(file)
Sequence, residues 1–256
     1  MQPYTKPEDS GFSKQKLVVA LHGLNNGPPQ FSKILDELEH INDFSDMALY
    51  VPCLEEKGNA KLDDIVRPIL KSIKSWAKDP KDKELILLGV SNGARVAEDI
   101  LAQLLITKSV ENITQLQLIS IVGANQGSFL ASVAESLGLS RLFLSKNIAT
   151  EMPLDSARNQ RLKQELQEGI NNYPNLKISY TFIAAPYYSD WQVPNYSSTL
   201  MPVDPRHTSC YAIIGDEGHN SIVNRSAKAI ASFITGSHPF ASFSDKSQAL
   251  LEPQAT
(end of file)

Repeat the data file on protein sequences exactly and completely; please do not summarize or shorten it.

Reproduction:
Sequence, residues 1–256
     1  MQPYTKPEDS GFSKQKLVVA LHGLNNGPPQ FSKILDELEH INDFSDMALY
    51  VPCLEEKGNA KLDDIVRPIL KSIKSWAKDP KDKELILLGV SNGARVAEDI
   101  LAQLLITKSV ENITQLQLIS IVGANQGSFL ASVAESLGLS RLFLSKNIAT
   151  EMPLDSARNQ RLKQELQEGI NNYPNLKISY TFIAAPYYSD WQVPNYSSTL
   201  MPVDPRHTSC YAIIGDEGHN SIVNRSAKAI ASFITGSHPF ASFSDKSQAL
   251  LEPQAT